Side 2:

The Twist - Ask a Rhetorical Question

One of my favorite songs on Stupefied. The lyric is a little bit of social commentary and is so redolent of those times from the late 1980's. The "girl in the ball gown", mentioned in the lyric I think refers to a real incident at a party, but I have long forgotten who was involved and what it was all about and I probably wouldn't repeat it all here anyway. It does bring back so many memories though of going  endless house parties (usually after the pub), seeing mostly the same people all the time, and there often being young girls, not really able to handle their drink. A good time, but when you are young there is often a lot of emotion around. "Are we ever happy with what we've got", is also a young person's hang up, that I remember so well from the time. This song, like "If Ye Like" was also on "Strangefruit" and this is a restored version from Stupefied, Ian's restored version from "Strangefruit" is on the Twist page. For some reason I've yet to figure out, the hiss was more difficult to remove from the WAV file of side two of the tape, than side one, so this restoration is not perfect, especially at the beginning. The one Ian did from Strangefruit has less hiss, but it has one or two "pops" that were probably caused by minor creases on the original tape.

All Days Fade - Angel (Live)

I think this was recorded on my little Marantz portable cassette recorder at a gig in the Abbosthall. I have no memory of the gig, but it's possible that I wasn't there as Ian borrowed that Marantz machine a few times to record gigs for Cameron.  The band sound to be on good form at this gig.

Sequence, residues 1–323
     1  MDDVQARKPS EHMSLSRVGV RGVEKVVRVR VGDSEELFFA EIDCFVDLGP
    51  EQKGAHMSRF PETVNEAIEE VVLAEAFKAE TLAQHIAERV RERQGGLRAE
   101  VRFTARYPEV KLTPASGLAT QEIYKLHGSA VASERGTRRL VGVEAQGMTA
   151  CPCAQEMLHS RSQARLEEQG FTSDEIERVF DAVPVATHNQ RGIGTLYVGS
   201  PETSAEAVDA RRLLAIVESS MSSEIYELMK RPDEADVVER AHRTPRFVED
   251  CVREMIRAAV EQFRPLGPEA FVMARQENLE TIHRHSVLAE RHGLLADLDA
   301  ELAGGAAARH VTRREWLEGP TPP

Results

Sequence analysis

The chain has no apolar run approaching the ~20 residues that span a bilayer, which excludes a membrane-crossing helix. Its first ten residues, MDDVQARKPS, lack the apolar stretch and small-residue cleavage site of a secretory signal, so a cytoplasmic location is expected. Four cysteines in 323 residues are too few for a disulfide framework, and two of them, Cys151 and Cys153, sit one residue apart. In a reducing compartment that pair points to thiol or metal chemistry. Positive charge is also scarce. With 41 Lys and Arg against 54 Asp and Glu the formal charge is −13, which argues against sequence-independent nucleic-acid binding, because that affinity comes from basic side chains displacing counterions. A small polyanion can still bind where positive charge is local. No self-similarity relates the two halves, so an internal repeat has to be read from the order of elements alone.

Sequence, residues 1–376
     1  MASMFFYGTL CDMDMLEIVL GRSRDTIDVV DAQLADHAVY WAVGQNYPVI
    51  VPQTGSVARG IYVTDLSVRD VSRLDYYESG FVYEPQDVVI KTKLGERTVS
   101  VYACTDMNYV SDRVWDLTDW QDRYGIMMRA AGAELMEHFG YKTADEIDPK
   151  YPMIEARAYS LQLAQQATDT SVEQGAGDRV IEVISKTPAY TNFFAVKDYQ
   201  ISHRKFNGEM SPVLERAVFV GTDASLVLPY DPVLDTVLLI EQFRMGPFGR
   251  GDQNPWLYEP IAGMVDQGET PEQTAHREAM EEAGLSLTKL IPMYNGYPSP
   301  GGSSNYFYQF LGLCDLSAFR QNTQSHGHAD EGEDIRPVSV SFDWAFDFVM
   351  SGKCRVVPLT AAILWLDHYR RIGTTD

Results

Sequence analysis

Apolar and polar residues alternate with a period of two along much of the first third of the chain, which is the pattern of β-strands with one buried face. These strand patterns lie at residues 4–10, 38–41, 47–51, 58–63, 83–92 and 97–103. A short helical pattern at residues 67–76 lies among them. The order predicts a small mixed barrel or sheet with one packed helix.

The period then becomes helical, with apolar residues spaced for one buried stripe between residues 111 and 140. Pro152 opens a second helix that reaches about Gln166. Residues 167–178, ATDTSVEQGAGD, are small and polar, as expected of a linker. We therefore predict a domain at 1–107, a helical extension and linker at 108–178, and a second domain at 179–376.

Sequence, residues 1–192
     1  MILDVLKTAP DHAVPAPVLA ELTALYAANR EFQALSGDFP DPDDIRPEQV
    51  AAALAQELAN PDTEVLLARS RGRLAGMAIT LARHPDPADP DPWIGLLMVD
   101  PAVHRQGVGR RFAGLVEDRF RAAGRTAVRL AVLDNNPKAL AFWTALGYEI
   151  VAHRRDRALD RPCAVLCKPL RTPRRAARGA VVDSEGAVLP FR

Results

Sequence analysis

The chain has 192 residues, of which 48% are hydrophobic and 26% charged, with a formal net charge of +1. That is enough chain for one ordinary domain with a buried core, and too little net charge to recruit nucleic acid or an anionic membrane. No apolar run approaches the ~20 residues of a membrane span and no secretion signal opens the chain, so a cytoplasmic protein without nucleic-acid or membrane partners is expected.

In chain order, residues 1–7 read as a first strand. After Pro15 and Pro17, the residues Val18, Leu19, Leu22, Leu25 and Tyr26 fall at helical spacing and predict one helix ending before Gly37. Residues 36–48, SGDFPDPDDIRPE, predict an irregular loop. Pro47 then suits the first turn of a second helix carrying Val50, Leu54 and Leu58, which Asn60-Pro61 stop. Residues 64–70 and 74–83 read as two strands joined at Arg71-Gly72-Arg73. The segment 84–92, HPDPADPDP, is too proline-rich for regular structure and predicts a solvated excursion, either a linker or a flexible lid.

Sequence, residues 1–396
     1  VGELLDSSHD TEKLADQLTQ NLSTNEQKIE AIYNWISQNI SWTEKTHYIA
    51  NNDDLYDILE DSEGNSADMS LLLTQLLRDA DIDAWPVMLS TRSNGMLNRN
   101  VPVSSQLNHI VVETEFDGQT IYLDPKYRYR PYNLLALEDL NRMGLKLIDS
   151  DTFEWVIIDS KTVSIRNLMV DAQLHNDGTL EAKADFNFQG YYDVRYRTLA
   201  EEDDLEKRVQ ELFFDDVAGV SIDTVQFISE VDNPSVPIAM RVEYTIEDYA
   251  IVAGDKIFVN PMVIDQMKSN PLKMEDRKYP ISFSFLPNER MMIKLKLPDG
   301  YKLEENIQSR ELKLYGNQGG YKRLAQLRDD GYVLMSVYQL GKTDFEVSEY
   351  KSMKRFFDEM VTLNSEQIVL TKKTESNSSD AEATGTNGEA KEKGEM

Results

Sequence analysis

Silent Falls - On My Own

The Ghost Train - Wicked Wicked

The Receiving End  - Castles in the Sand

Elephants and Weasels - Mr. Sentimental

Was probably recorded at the same time as "I Saw You" on side one, but really I don't know much about this. Cameron sounds like he is trying to sing in the style of Bob Calvert here.

Who Cares?! - Family Man

This was the only "studio" recording Who Cares? did. It may have been recorded especially for Stupefied. The line up here is Coln Burns - vocals and guitar, Derek Anderson - bass and Colin Livingston - drums. Ian remembers that he was not present at the recording as he was with me at a Peter Hammill gig in London, so I can date the recording of this fairly accurately as the gig was February 14th 1988. This is the only track that I did any editing on. There was a very clunky analogue edit (you could hear the tape desk being turned on) between the sound sample and the song, so I took the liberty of taking that out.

Download whole Stuplified Cassette (Zip File, 63MB)

Follow this link to download other audio formats (FLAC and OGG)

I heard this again pretty much all the way through the other day and was pretty happy with the restoration. It is really worth downloading it all and listening to it in it's original running order, as the songs were sequenced very well on the original cassette. It has certainly breathed new life into an over 20 year old tape and I'm glad I took the time to do it, as the tape very nicely captures the "Kirkcaldy sound" at a particular point in time. Would have been nice to had a tape like this from every year in the 1980's.